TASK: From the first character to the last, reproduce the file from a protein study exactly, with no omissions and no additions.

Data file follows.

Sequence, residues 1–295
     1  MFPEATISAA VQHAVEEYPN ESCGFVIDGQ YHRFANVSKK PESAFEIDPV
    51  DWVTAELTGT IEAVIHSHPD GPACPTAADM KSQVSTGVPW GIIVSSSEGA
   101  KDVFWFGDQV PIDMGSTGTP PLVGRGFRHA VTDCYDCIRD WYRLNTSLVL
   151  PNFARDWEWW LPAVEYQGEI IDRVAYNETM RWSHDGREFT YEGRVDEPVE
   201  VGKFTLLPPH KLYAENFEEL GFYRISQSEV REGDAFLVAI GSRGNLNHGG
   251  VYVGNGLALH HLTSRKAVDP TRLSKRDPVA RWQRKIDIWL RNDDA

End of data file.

Sequence, residues 1–295
     1  MFPEATISAA VQHAVEEYPN ESCGFVIDGQ YHRFANVSKK PESAFEIDPV
    51  DWVTAELTGT IEAVIHSHPD GPACPTAADM KSQVSTGVPW GIIVSSSEGA
   101  KDVFWFGDQV PIDMGSTGTP PLVGRGFRHA VTDCYDCIRD WYRLNTSLVL
   151  PNFARDWEWW LPAVEYQGEI IDRVAYNETM RWSHDGREFT YEGRVDEPVE
   201  VGKFTLLPPH KLYAENFEEL GFYRISQSEV REGDAFLVAI GSRGNLNHGG
   251  VYVGNGLALH HLTSRKAVDP TRLSKRDPVA RWQRKIDIWL RNDDA